|Publication number||US7272203 B2|
|Application number||US 10/404,553|
|Publication date||18 Sep 2007|
|Filing date||1 Apr 2003|
|Priority date||5 Apr 2002|
|Also published as||CN1647476A, CN1647476B, US20050074082, WO2003088509A2, WO2003088509A3|
|Publication number||10404553, 404553, US 7272203 B2, US 7272203B2, US-B2-7272203, US7272203 B2, US7272203B2|
|Inventors||Richard W. Citta, Scott M. LoPresto, Jingsong Xia, Wenjun Zhang|
|Original Assignee||Micronas Semiconductors, Inc.|
|Export Citation||BiBTeX, EndNote, RefMan|
|Patent Citations (102), Non-Patent Citations (7), Classifications (15), Legal Events (13)|
|External Links: USPTO, USPTO Assignment, Espacenet|
This utility patent application claims priority to U.S. Provisional Patent Applications Nos. 60/370,295, 60/370,283, and 60/370,296, all filed Apr. 5, 2002 the entire specifications of which are hereby incorporated herein.
In order to provide the widest possible coverage for a digital transmission, such as for cell phones or a digital television broadcast, it's desirable to use multiple transmitters that are separated from each other spatially. This permits a wider area to be covered, uses less total broadcast power, and can help to fill in dark areas where the transmission from one transmitter may be blocked. Thus, using multiple transmitters can provide wider and more complete coverage for virtually any digital transmission.
However, using multiple transmitters creates a serious problem when the receiver is at a “seam” between two transmitters, because the additional signal can appear as a “ghost” that can be as large as the “main” signal. Furthermore, destructive interference creates a series of perfect or near perfect nulls.
Existing receiver technology handles ghosts by filtering them out in order to interpret the “main” signal. But in a multi-transmitter environment this strategy is unworkable. It makes little sense to design a system to filter out a ghost that can be an arbitrarily large fraction of the “main” signal's size. Furthermore, near the margins, the best this subtractive strategy can ever provide is a signal strength equal to the stronger transmitter's signal—the energy from the secondary signal is wasted.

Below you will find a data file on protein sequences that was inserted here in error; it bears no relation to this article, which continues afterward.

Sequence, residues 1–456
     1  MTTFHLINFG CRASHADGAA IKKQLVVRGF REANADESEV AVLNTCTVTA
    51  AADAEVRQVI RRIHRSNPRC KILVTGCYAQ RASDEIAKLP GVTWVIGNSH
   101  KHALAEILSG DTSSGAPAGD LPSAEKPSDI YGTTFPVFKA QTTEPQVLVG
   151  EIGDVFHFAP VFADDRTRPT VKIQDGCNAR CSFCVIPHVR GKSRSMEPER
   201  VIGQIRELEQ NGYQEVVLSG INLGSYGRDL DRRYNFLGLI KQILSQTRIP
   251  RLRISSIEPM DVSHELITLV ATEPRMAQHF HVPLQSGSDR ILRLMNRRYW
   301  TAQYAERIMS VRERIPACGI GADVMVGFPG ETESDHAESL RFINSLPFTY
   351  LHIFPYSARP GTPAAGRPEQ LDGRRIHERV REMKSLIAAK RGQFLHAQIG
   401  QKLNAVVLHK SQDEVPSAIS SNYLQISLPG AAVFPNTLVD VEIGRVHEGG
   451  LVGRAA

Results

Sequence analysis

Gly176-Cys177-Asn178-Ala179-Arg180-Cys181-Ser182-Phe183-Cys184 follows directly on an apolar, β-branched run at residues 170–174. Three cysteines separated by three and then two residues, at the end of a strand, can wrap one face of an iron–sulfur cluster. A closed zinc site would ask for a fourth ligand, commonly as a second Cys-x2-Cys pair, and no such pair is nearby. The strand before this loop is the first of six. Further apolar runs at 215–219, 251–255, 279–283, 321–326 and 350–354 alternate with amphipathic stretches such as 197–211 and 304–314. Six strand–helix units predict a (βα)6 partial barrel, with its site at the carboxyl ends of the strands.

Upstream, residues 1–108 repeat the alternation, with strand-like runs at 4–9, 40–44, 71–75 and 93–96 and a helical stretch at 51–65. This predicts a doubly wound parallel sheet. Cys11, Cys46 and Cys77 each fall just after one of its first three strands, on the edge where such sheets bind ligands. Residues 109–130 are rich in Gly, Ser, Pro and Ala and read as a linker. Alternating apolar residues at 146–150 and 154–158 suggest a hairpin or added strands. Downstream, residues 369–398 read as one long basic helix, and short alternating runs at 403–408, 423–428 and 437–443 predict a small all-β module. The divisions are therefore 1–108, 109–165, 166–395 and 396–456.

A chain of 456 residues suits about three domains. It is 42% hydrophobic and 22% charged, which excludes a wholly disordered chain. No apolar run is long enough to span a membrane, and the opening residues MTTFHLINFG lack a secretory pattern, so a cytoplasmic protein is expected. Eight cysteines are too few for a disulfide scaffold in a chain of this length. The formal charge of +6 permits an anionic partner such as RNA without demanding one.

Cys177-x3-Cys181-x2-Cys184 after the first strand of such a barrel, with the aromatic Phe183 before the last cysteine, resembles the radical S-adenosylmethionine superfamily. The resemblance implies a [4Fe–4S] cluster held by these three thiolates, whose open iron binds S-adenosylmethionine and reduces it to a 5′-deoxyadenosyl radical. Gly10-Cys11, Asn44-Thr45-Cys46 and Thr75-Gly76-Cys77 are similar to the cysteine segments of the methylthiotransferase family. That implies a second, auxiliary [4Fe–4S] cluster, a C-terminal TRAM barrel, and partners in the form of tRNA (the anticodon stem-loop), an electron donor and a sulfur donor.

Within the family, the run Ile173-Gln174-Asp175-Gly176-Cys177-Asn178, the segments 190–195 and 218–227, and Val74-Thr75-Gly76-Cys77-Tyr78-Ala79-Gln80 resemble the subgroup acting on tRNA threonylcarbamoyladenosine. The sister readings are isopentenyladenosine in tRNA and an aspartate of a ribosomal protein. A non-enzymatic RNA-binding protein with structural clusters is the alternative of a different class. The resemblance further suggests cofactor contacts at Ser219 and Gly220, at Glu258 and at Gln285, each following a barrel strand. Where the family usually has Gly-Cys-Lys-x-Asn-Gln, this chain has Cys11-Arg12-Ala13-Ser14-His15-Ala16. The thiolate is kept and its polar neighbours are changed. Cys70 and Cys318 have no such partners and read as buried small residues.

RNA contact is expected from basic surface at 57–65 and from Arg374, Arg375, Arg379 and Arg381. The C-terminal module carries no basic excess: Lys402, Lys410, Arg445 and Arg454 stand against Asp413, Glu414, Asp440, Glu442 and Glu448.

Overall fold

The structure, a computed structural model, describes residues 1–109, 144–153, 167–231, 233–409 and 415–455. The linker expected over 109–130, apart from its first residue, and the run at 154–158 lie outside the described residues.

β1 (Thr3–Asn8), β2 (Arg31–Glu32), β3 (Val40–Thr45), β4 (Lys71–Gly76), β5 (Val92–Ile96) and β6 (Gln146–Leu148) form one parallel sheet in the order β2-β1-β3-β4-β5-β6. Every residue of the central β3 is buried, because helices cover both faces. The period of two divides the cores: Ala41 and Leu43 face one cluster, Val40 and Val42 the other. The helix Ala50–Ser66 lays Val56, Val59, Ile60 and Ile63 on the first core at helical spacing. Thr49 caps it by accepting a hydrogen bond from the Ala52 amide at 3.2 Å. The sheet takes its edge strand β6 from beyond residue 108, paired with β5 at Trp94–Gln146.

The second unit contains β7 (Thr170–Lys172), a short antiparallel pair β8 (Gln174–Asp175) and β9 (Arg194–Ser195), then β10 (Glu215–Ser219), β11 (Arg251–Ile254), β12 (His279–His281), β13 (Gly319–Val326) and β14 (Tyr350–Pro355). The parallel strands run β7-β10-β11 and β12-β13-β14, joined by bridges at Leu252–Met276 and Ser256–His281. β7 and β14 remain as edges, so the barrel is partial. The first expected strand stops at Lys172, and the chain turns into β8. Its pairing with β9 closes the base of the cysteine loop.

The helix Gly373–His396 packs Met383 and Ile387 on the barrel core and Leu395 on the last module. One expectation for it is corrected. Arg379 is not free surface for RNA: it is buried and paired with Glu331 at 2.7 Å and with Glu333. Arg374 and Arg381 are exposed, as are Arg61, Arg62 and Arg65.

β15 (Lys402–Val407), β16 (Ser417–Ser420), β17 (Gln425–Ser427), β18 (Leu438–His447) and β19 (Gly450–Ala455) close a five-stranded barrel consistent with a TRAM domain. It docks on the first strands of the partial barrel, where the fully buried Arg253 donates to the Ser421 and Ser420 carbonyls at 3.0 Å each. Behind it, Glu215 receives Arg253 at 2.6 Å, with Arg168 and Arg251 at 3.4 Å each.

Even when the ghosts are smaller than 100% of the “main” signal, there is an equal probability of pre-and post-ghosts. In the most common situation, the strongest signal is the one following the most direct path. Ghosts are most often produced by “multipathing,” that is, by portions of the signal following paths of different lengths from the transmitter to the receiver. Thus, ghosts are typically produced by one or more strong reflections. The first signal to arrive is typically the most direct, and therefore the strongest, and so in the usual situation the ghost is a post-ghost. In a multi-transmitter environment, though, while the receiver is near a seam the stronger signal can easily arrive after the ghost. With signals arriving from two directions, it is possible that the more direct path may be the longer one. Consequently, pre-ghosts are about as likely as post-ghosts, and may be arbitrarily strong. Furthermore, if the transmitters are out of sync with each other by even a small amount, where the one lagging happens to be the closer one, the receiver will likely see pre-ghosts.
Existing technology relies on the assumption that post-ghosts predominate (i.e., existing systems are not generally designed to deal with Raleigh fading). Thus, existing receivers generally will be either inefficient or incapable of dealing with a multi-transmitter environment, even if the ghosts are sufficiently small compared to the “main” signal.
In short, in a multi-transmitter environment, the “main” signal becomes a meaningless concept at the seams of the transmission. In order to operate efficiently in a multi-transmitter environment, a digital receiver must operate with a different paradigm. What is needed is a digital receiver that employs an additive strategy—that is, one in which the energy from one or more relatively large ghosts can be captured and used to aid in the synchronization process, rather than filtered out and discarded. Such a receiver could both function with ghosts 100% of the size of the “main” signal, and provide substantially superior performance whenever ghosts exceed about 70% of the size of the “main” signal. Since this condition can often occur even in a single-transmitter environment having a large number of reflective surfaces and masking objects, such a receiver would also provide greatly improved reception in, for example, urban environments.